There is a light rain falling, a drizzle really. The grass is soft, springy, saturated with the last week’s rainfall and I leave a line of muddy prints, as I sqwelch my way towards the spot where I set up the camera trap last night.
A buzzard, calling loudly, drifts across the leaden, grey, grizzled sky, circles a few times. A cursory scrutiny of the scene below and she decides that neither Lilly the Collie nor I are suitable canidates for breakfast and so she floats off to try her luck in the woods across the river Barle.
I set the camera up last night, attached to what appears to be a television aerial post. (Planning restrictions in the Exmoor National Park restrict the siting of these modern visual abominations.) I choose the spot, adjacent to a hedge because there was evidence of a badger using it as a transit route to and from a probable sett in the little copse above the house. The ground was scuffed up badger style, and the rocks and stones had the tell tale scratch marks. The paw print with the long front claws was a bit of a give away as well.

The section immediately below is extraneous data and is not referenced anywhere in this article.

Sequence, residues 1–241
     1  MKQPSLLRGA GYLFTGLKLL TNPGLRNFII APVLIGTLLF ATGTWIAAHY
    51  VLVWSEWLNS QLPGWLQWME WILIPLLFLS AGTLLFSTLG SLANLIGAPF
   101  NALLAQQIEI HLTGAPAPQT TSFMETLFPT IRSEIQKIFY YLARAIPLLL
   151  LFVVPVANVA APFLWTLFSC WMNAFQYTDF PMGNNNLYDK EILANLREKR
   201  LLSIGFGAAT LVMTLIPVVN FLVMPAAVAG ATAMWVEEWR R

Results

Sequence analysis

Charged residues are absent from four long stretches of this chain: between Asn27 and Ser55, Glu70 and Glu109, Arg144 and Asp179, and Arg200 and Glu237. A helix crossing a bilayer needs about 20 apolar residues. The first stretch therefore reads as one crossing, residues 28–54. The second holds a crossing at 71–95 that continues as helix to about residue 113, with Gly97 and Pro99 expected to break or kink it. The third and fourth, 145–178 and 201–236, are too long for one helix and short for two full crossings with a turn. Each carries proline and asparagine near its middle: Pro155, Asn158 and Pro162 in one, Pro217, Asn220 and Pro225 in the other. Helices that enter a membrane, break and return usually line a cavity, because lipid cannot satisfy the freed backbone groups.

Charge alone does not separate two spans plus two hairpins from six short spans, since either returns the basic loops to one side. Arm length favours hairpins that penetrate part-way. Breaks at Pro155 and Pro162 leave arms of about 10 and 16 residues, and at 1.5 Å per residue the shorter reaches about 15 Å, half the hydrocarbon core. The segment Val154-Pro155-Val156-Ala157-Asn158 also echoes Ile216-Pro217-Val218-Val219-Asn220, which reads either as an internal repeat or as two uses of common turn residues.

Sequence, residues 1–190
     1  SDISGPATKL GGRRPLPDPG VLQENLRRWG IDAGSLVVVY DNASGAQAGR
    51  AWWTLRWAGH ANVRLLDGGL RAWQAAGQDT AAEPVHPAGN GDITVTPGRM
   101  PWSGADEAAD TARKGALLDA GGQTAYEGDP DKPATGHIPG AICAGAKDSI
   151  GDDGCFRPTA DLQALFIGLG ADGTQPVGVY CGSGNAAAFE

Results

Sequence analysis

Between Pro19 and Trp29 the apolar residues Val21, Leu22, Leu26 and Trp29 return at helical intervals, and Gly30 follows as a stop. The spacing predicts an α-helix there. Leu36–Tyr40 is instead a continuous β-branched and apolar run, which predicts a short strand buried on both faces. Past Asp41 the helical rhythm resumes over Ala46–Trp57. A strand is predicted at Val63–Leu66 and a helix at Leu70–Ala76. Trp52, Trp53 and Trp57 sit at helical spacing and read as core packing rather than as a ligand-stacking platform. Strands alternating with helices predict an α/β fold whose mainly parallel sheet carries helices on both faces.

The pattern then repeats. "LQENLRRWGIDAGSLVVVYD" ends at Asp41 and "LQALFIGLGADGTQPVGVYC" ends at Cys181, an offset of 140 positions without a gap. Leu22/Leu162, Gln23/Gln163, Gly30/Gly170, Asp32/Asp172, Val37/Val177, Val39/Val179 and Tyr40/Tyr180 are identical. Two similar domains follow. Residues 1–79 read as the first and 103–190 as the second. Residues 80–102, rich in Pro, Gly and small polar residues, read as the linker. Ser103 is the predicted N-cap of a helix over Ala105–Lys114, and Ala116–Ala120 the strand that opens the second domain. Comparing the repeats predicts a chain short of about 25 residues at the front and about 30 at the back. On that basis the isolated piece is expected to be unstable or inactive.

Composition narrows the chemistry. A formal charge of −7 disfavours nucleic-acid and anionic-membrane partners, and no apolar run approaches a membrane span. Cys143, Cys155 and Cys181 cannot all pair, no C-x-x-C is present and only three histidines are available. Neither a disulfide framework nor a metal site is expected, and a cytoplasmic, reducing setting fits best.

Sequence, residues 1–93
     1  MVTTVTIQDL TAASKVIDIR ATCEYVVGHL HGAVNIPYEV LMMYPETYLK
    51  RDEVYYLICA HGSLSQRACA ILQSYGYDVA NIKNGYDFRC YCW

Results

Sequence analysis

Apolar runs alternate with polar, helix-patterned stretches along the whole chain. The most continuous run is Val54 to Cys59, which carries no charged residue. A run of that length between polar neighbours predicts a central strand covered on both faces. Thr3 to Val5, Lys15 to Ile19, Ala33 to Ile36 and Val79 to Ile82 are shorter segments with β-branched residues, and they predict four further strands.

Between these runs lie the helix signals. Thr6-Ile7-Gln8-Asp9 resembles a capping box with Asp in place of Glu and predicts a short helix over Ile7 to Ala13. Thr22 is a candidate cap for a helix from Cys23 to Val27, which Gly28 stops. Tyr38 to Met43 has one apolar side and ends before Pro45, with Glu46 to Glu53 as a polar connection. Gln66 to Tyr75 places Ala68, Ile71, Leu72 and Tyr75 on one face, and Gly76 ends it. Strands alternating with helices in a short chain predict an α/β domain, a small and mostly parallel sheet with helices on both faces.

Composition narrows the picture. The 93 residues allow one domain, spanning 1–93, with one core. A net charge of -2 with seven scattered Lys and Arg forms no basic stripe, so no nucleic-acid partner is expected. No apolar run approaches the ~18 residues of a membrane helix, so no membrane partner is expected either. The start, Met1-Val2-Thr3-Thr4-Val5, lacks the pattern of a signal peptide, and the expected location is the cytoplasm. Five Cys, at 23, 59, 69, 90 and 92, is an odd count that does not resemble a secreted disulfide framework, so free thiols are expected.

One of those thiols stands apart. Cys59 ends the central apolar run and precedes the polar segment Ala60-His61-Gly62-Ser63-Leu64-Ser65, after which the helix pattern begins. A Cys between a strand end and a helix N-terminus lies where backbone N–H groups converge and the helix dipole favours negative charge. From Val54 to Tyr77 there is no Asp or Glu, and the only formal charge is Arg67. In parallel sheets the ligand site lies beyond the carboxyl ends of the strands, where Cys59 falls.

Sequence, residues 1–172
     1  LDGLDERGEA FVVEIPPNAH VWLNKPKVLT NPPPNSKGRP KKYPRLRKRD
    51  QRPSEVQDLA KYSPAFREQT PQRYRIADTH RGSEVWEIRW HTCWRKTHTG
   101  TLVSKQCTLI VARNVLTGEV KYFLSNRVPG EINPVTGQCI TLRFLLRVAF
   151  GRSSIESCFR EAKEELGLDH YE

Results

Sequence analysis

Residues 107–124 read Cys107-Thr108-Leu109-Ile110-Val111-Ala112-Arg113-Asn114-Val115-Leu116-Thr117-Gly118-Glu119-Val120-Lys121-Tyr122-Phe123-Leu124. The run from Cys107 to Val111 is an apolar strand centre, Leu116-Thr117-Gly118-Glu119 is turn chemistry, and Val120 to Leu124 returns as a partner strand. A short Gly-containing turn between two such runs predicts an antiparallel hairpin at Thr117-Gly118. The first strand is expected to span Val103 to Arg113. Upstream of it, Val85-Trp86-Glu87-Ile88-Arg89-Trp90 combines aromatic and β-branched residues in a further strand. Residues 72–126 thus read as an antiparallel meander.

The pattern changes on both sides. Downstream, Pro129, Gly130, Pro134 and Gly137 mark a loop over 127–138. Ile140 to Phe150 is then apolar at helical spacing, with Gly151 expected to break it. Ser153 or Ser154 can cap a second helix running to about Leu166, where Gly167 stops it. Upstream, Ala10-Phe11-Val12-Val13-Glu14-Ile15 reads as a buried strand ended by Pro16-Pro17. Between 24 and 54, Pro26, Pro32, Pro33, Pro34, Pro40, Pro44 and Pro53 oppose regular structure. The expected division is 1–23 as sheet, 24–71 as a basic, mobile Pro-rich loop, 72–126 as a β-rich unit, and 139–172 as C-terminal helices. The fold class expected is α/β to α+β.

I was not expecting much from the experiment. After all the house was only 20 metres away, and there had been comings and goings during the early part of the evening. But one never knows. I retrieved the camera, and as the rain began to fall heavily, we retreated back to the house. A hasty examination confirmed my thoughts. Nothing had triggered the camera during the night. Not even a lowly mouse. No matter. There are other likely spots, to be tried again tonight.
I am writing this on the kitchen table of Sweet Oaks lodge, in deepest darkest Somerset. It is Christmas morning, the house is just beginning to stir. Time to put the laptop away, and enjoy the last few minutes of peace before the chaos, shattered dreams and expectations of another family Christmas.
Enjoy your day. Wishing badgers and foxes everywhere a safe, comfortable, and warm few days.